Too much time spent watching TV and playing computer games can hold back the development of young children, new research suggests.
A study of 2,400 Canadian children found more screen time was linked to lower scores in “milestone” tests of communication, problem solving, interpersonal skills and physical coordination.
The amount of time two and three-year-olds devoted to screen-gazing had a negative effect on their performance at three and five.
There was no evidence children with developmental problems were allowed more screen time by their parents to control challenging behaviour.
Writing in the journal Jama Pediatrics, the team of Canadian psychologists concluded: “The present study examined developmental outcomes during a critical period of growth and maturation, revealing that screen time can impinge on children’s ability to develop optimally.”
The effect of screen time on children is a hotly debated topic and so far the jury has been out on how significant an impact it has.
By the time they start school, a quarter of children show some degree of deficient or delayed development in language, communication, motor skills and “socio-emotional health”, according to the team led by Dr Sheri Madigan from the University of Calgary.
To investigate the possible link between screen time and developmental delays, the scientists used a standard milestone screening measure that involved questioning parents about their children’s abilities.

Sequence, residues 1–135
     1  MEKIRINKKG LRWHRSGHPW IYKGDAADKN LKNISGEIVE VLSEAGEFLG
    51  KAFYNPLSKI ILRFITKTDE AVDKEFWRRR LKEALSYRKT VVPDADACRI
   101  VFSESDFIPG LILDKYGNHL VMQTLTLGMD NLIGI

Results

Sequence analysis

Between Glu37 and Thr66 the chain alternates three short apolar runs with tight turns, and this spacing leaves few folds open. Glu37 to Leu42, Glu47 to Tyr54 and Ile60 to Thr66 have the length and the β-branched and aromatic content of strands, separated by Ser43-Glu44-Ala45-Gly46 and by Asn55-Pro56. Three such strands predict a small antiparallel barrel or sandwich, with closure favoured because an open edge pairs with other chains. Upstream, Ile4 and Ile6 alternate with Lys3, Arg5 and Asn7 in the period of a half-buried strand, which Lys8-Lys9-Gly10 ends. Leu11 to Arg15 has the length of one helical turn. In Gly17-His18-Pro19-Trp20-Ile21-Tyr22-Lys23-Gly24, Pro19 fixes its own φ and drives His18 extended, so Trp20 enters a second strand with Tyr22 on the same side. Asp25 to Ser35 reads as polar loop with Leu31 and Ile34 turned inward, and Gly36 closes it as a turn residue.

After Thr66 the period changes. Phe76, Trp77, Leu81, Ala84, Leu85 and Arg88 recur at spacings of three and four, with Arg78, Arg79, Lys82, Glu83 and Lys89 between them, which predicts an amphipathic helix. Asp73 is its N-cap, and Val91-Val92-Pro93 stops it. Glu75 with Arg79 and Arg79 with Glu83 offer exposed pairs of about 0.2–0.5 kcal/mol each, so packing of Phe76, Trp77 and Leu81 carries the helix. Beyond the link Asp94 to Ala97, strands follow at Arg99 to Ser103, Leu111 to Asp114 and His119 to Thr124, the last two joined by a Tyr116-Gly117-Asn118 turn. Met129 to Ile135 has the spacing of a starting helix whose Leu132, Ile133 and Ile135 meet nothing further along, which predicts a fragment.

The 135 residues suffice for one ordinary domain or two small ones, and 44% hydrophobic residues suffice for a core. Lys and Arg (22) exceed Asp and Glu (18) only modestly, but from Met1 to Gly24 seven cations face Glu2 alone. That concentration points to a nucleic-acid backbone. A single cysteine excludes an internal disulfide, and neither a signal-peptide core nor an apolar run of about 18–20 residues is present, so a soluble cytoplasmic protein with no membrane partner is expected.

Higher levels of screen time at the ages of two and three years turned out to be “significantly associated” with poorer test results at three and five years.
The opposite association – poorer developmental progress leading to more screen time – was not observed.
The findings suggest too much screen time really can hold back children, the researchers said.
They pointed out that child development “unfolds rapidly in the first five years of life”.
The scientists added: “When young children are observing screens, they may be missing important opportunities to practice and master interpersonal, motor and communication skills.”
The study found that overall, children watched screens for an average of 17.09 hours per week at age two, 24.99 at age three, and 10.85 at age five.
Screen-gazing is a sedentary activity that reduces time available for walking and running, which may delay motor skill development, the researchers said.
It could also limit opportunities for “essential” verbal and non-verbal interactions with care-givers, they suggest.
The authors urged health professionals to work with families to develop “personalised media plans” designed to place boundaries on children’s screen time.
The plans, customised for each family’s needs, would provide advice on setting and enforcing rules and imposing “screen-free zones” and “device curfews” in the home.
British experts said more research was needed but agreed that parents should be encouraged to promote healthy interactive behaviour in their children.
Dr Bernadka Dubicka, from the Royal College of Psychiatrists, said: “This is the first study to show that increased use of screen time in very young children can be associated with slower development.
“These results add important weight to existing concerns that too much screen time can prevent young children from having the best start in life, by potentially reducing important opportunities for social interactions, physical activity and other experiences necessary for development.”
She added: “Parents should actively encourage their children to engage in a range of activities which promote their child’s development and give them as much face-to-face time as possible. Parents should also be aware of how much time they are spending on their screens in front of their children.”
Dr Max Davie, from the Royal College of Paediatrics and Child Health (RCPCH), said: “We would, in the light of this paper, reiterate our advice that families spend time interacting as a family, that screens are not allowed to interfere with sleep, and that screen based interaction is no substitute for in person contact.”